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Guest opinion: Voters Should Flunk Measure C
Original post made
on Apr 17, 2009
Despite widespread layoffs, foreclosures and broken retirement nest-eggs, the San Ramon Valley Unified School District wants a 60 percent, seven-year parcel-tax increase, from $90 to $144 annually - another taxpayer-funded bailout for another spendthrift public agency.
Read the full story here Web Link
posted Friday, April 17, 2009, 12:00 AM
Posted by Michael Arata,
a resident of Danville
on Apr 24, 2009 at 1:10 am
I appreciate Danville Weekly's publication of "Voters Should Flunk Measure C." My thanks as well now to "Worker Bee," "Susan," "Free to Choose," "Dawn", Jake Farsh, "Jack," "Raymond, and "Barbara" for sensible comments and for "NO" votes on Measure C. The Public Choice Theory commentary by Free to Choose was literally right on the money!
And yes, Worker Bee, a senior exemption does indeed represent SRVUSD's cynical attempt to buy votes. Fair-minded seniors will recognize the inequity in supporting taxes they needn't pay themselves. So please continue to spread the word about Measure C, and please refer voters to www.NOonC.info.
Meanwhile, the all too eponymic "Teacherman," apparently a would-be beneficiary of the new series of retroactive raises which Measure C would enable (on top of existing step-and-column increases, and without regard to merit or lack thereof), doesn't know quite what to make of having "been branded a liberal." But he considers Measure C an absolute entitlement.
And the innumeracy and illogic he exhibits here are certainly among the common antecedents and/or symptoms of liberalism. Basing notions about public-agency spending upon feelings rather than facts is another co-factor, indeed a hallmark, of the liberal condition.
Specifically, Teacherman finds dollar figures ("number ramblings") which gainsay his enthusiasm for Measure C "too confusing," or that [allegedly] they "don't add up" oh, and that they're "misleading as well." So after all his "researching and reading," no argument against Measure C holds merit for him.
He can admit, though, that "We all know that public education costs a lot of money." The more perceptive among us recognize that whatever that amount is now (in this district, presently $8,221 in general-fund spending per student, or over $205,000 per 25-student classroom in operational dollars alone), it keeps rising in constant-dollar (inflation-adjusted) terms, and that so far as the public-sector spending lobby is concerned, it's never been and will never be enough (as Susan observes in these postings).
So even if SRVUSD per-student spending is a more than a third higher in constant dollars now than when the district failed to pass a parcel tax in 1991-92, then the [Teacherman-alleged] end, "consistent results of high student achievement," supposedly justifies the means however costly.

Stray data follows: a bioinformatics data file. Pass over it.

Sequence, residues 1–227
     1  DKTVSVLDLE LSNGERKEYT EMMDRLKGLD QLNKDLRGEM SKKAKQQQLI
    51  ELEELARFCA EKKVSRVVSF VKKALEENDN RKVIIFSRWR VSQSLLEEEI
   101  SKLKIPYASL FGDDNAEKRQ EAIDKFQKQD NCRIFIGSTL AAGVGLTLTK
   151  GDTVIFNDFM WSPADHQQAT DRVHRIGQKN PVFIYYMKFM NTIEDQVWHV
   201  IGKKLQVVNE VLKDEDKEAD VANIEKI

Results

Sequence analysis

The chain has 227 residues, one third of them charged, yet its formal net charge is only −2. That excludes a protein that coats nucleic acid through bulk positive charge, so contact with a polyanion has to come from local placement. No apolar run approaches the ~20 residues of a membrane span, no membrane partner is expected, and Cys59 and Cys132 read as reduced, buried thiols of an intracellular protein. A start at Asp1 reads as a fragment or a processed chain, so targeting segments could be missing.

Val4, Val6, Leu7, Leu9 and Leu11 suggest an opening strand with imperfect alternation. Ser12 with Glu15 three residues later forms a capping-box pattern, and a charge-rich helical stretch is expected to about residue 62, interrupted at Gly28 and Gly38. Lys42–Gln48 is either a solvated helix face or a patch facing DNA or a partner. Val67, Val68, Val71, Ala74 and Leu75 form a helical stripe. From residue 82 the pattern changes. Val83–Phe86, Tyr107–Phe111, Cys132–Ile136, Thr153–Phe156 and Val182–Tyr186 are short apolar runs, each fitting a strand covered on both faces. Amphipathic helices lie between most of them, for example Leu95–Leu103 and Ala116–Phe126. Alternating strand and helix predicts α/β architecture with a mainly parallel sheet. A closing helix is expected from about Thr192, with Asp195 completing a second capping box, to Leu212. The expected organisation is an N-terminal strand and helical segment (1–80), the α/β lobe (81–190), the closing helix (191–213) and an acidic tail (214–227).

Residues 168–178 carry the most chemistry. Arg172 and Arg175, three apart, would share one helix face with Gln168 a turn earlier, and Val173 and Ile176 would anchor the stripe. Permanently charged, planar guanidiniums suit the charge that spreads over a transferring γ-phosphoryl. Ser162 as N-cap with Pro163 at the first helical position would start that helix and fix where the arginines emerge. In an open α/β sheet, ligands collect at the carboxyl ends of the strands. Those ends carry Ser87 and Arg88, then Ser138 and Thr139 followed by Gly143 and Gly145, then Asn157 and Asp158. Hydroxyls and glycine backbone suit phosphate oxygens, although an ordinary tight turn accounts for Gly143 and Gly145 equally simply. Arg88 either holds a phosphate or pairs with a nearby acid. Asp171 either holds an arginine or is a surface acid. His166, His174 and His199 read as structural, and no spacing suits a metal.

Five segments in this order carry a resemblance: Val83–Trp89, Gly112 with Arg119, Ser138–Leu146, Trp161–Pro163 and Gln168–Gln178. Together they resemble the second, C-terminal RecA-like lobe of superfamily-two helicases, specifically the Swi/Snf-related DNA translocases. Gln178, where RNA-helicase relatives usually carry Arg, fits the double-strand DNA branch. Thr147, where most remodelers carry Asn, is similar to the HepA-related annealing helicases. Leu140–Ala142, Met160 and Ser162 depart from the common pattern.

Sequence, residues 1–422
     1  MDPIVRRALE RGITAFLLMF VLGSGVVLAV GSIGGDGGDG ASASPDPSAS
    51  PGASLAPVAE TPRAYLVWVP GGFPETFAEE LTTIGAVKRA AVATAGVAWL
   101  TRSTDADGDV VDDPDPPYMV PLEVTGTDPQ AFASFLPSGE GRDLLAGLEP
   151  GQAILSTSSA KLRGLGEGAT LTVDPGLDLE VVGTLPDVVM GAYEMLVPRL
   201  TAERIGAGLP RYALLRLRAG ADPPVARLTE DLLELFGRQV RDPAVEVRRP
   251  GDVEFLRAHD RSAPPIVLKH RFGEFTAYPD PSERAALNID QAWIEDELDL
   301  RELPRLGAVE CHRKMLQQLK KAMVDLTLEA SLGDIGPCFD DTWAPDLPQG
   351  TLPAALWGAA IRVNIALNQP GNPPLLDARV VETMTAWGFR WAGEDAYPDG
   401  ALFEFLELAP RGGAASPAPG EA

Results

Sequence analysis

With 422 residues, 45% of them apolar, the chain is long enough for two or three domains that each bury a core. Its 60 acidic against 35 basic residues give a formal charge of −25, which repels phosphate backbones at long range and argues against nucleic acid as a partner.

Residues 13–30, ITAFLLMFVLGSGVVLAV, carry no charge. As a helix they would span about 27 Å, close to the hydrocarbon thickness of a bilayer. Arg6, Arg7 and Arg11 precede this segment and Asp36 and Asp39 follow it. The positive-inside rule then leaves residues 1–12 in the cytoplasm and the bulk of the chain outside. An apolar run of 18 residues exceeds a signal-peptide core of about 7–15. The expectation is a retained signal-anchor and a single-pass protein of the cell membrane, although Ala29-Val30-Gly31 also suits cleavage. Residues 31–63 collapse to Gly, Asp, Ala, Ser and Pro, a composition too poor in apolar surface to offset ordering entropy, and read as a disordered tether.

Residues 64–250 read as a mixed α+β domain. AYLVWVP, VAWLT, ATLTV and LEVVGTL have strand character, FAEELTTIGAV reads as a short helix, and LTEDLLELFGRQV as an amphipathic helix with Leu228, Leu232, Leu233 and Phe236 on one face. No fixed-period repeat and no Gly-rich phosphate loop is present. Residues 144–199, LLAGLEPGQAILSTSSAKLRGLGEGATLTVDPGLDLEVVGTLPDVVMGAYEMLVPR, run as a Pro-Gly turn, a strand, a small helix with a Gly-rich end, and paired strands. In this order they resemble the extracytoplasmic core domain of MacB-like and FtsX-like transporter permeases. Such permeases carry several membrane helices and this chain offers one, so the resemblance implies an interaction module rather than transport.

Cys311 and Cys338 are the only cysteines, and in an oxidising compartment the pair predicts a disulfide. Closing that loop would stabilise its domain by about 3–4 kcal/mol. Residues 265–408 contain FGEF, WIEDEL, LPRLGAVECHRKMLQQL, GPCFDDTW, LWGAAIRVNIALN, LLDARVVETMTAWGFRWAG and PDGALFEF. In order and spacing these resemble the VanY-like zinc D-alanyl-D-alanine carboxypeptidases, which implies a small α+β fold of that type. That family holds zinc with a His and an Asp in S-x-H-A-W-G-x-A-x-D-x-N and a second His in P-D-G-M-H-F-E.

Naturally, thereby, the Teacherman-postulated "need right now is met by passing Measure C" i.e., a 60% increase in the existing parcel tax!
Even if SRVUSD were to experience actual budget cuts (not just reductions in planned increases), the district would have to lose nearly $60 Million from its current $215 Million budget to regain parity with the effects of inflation and enrollment increases since 1991-92.
Teacherman does eventually try his hand with some numbers. He claims, for example, that the "district approved a budget that laid off or released 500 teachers, librarians, counselors, and psychologists. It cancelled music programs, coaches stipends, and drastically cut physical education programs… because the state has cut 16 million from the district budget."
But the 9-month-employment salary and benefit cost of 500 certificated district employees, were they to be laid off (which they have not been and will not be) would be on the order of $40 Million, not $16 Million.
Meanwhile, asserting "high student achievement" begs the question. In fact, as my article observed: AMONG SIMILAR SCHOOLS, SRVUSD's Academic Performance Index ratings average just 6.9 out of 10. And as in most districts, SRVUSD high school juniors perform poorly in State testing of college readiness averaging only 43% proficiency in English, for example. SRVUSD's performance deficiencies are featured in "Not As Good As You Think," published by the Pacific Research Institute.
[And the CSU system, which administers the college readiness tests, still laments the fact that about 50% of matriculating students require remedial English -- and that about a third of CSU freshmen need remedial help in math.]
More talk about numbers, I realize inconvenient, distasteful, and "confusing" to Teacherman. They underscore the fact that dollarwise, taxpaying citizens long ago "did our duty to reach the needs of our students." But it is unionized teachers, often more focused on indoctrination than instruction, who've failed to "maintain educational excellence."
All too frequently, they've displaced facts with feelings (a substitution "Teacherman" advocates presently as a voter response to Measure C) and teachers of knowledge and skills with propaganda shills. "Values"? A classic illustration of teacher-union values is the booklet "Guidelines for Academic Freedom in the Public Schools," published by the California Teachers Association in 1984: "Who dares take on religion, free enterprise, patriotism, and motherhood? We do and we must!" (p. 32)
But to Dan Parnas, it's adopting a "NO on C" position which is "morally corrupt"! And to Mr. Parnas, it's evidently OK for "Teacherman," "Schoolmom," "Terry W.," et al. to maintain anonymity (and that's fine with me, by the way), but not for opponents to Measure C. Furthermore, nine other individuals signed the public ballot arguments opposing Measure C, realizing they could face the scorn of determined tax promoters.
As for common sense, that's what voters demonstrate when they realize that SRVUSD spending represents a local microcosm of public-agency spending in general in both cases, spending which far exceeds the combined and compounded rates of enrollment growth (or population increases) and inflation over time.